One of the most critical issues for new chicks is warmth. Without a consistent heat lamp at the right temperature they will quickly chill and die.
This page covers what the optimum temperatures are at critical times in your chicks' lives, what the options are for heating and which is best in different circumstances.
will need to keep a careful eye on the temperature in the brooder; hatchlings move into it having spent at least a few hours drying out in a nice, hot incubator at around 99ºF / 37.5ºC. To move from that to no heat is not an option - chicks can become chilled and die very, very quickly. They need help to stay warm until they are properly feathered.
There are generally agreed specific instructions for heat levels which should start at
week 1 by keeping the temperature at 95ºF / 35ºC.
Here's what ideal brooder temperatures look like :
Bear in mind, though, that brooder warmth will also be affected by the temperature of the room it's in and the number of hatchlings - because more chicks will keep each other warm. So if, for example, you're brooding in the middle of a hot summer, you may not need a heat lamp in your brooder at all.
You need also to be aware that they must be kept draught free : a brooder which has some warm spots but other places where wind is whistling through is going to cause problems.Don't take any chances - use a couple of thermometers to measure the brooder temperature, particularly in the early weeks of incubation.
Why not just one? So that you can make sure the heat is distributed evenly - you're looking for the same reading in different places.
Thermometers and temperature grids are good, but the best indicators of whether they're warm enough are your hatchlings themselves. Watch their behaviour, listen to the noises they make.
Are they spread out around the walls of your brooder, keeping well away from the heat lamp? Are they showing any indication of panting? They may well be too hot. Chicks who are too hot can develop problems including dehydration and pasty butt.
Are they huddled together close to the heat source and peeping loudly? They're likely to be too cold. Chicks chill easily and can quickly die. Increase the heat in your brooder until they are more comfortable.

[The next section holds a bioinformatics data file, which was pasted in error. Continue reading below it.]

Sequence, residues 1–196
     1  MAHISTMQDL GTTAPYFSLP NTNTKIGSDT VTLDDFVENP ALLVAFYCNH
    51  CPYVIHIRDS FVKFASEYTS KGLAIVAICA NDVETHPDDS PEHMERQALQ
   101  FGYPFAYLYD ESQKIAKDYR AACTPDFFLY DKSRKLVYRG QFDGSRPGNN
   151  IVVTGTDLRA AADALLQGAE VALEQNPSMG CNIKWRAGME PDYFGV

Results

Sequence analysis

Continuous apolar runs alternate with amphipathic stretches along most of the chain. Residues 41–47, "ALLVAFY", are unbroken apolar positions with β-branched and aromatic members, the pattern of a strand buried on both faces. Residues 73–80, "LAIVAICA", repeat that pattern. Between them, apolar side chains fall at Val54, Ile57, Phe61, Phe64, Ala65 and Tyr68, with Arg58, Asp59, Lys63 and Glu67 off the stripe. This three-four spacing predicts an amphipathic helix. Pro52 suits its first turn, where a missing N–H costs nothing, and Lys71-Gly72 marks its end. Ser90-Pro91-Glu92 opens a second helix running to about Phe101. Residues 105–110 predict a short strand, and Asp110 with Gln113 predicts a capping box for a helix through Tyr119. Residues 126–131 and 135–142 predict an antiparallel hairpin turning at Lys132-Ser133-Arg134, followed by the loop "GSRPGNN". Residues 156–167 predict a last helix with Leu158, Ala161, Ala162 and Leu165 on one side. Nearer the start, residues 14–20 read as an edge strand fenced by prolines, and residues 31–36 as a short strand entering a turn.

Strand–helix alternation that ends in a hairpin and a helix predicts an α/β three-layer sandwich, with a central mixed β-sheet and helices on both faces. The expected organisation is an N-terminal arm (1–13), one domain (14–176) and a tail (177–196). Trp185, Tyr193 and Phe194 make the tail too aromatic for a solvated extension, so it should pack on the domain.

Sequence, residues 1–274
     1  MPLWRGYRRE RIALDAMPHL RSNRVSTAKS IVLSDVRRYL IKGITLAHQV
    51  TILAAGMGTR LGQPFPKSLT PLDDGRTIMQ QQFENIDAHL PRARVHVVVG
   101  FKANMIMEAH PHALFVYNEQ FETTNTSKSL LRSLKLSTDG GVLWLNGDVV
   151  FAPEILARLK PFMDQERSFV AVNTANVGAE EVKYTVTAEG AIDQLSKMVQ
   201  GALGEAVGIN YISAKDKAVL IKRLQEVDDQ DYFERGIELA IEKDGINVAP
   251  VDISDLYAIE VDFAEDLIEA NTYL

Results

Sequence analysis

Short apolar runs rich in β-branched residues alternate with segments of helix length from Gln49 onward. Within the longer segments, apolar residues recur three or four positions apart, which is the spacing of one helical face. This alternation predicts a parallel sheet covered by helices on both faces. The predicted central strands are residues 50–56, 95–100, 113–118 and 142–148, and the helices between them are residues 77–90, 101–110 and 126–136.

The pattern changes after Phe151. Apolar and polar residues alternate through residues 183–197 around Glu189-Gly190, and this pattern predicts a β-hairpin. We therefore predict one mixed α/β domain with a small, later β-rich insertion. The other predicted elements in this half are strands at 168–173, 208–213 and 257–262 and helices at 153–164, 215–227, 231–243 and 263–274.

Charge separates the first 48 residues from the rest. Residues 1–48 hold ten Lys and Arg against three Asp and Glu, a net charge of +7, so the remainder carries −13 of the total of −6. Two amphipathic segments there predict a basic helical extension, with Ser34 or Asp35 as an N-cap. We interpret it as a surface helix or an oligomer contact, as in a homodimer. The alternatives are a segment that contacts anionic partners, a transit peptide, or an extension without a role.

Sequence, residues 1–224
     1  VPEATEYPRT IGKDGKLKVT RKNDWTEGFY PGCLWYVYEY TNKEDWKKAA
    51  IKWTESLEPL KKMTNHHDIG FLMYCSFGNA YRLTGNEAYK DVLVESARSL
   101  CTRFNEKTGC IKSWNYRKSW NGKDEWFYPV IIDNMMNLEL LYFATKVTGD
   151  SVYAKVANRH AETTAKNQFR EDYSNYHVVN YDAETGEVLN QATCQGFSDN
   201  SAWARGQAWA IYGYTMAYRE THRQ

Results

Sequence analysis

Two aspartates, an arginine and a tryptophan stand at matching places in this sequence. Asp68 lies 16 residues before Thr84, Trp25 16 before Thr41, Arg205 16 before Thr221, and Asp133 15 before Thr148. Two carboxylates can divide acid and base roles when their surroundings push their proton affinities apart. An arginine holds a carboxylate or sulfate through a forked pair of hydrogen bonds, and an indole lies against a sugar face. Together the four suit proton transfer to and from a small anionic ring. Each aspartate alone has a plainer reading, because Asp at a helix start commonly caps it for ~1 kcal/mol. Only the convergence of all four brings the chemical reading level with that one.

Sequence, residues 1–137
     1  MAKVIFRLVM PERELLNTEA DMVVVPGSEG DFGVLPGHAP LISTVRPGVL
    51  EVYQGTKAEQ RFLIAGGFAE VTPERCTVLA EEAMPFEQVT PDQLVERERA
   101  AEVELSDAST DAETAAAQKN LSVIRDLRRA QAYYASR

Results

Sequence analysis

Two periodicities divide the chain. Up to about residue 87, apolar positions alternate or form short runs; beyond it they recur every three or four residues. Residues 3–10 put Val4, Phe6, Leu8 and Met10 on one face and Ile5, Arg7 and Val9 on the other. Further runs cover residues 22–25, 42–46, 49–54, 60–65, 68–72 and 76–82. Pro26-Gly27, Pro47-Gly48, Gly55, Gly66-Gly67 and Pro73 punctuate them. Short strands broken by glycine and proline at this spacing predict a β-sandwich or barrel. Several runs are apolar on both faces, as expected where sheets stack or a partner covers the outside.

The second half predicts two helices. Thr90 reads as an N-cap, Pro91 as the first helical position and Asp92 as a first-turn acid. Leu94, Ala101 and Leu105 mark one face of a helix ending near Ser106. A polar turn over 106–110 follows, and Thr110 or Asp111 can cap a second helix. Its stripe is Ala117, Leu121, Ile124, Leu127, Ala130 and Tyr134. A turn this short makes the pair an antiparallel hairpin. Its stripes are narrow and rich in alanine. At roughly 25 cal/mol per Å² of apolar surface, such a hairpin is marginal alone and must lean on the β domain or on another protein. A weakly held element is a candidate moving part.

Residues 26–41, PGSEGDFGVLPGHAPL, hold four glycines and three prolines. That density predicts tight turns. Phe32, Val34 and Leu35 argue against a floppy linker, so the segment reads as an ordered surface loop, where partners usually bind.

Chicks who are comfortably warm without being either hot or cold will go about their business eating, drinking and exploring, spread out around the brooder, peeping cheerfully but not distressed.
For safety reasons I made a decision to use only a radiant heat source. For me, that is Brinsea's heat lamps - I have both the small and the large versions.
small one I use in the first stage brooder and all the chicks I've ever brooded have always loved it. The EcoGlow 50, which can keep up to 50 newly hatched chicks warm, I use when my little flock transfers to a larger brooder box. It is equally effective and it's very easy to adjust the height as the babies grow.
A radiant heat lamp provides a source of comfort as well as warmth. The heat warms the chicks' bodies as they touch it and they have a safe place under which to shelter and sleep when life gets too stressful for them.
My chicks love their Brinsea EcoGlow 20 radiant heat lamp.
There's no need to worry about the temperature under the EcoGlows : it's regulated for you. The chicks are warmed to exactly the right degree; all you have to remember is to raise the height as they grow.
With the small Brinsea heat lamp I raise it to a
different level each week. Once they're too big to get underneath it I
either raise it using bricks, or switch to the larger EcoGlow 50.
For more information about these and an honest review of both, go to this page - it will open in a separate window so you can return here when you've finished.
This depends on a few things :
These articles will give you an understanding of the needs of hatchlings in their first days and weeks out of the incubator.
Just click on the pics to visit those pages.
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